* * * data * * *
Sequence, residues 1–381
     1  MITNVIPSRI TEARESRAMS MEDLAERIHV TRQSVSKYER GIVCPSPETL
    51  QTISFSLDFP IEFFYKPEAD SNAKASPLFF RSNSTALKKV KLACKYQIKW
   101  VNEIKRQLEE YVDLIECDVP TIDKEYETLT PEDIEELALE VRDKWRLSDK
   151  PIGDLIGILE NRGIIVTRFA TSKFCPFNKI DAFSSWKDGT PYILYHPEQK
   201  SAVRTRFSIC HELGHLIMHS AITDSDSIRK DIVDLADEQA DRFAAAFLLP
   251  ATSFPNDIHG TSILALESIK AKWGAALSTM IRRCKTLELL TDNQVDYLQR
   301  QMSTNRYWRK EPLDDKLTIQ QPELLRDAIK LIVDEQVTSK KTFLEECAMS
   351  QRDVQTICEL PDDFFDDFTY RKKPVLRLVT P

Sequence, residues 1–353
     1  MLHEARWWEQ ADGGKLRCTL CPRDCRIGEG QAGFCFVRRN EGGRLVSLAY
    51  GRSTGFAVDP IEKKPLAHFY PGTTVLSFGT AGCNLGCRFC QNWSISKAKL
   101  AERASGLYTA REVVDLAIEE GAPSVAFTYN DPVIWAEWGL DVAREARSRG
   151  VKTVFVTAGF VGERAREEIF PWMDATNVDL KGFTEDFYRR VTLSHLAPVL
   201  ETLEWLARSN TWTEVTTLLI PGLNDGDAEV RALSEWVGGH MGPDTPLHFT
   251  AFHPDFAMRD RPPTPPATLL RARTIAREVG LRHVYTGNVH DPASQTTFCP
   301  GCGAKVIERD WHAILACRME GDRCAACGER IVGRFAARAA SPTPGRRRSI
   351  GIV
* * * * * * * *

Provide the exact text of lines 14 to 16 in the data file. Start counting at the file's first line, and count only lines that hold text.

   151  VKTVFVTAGF VGERAREEIF PWMDATNVDL KGFTEDFYRR VTLSHLAPVL
   201  ETLEWLARSN TWTEVTTLLI PGLNDGDAEV RALSEWVGGH MGPDTPLHFT
   251  AFHPDFAMRD RPPTPPATLL RARTIAREVG LRHVYTGNVH DPASQTTFCP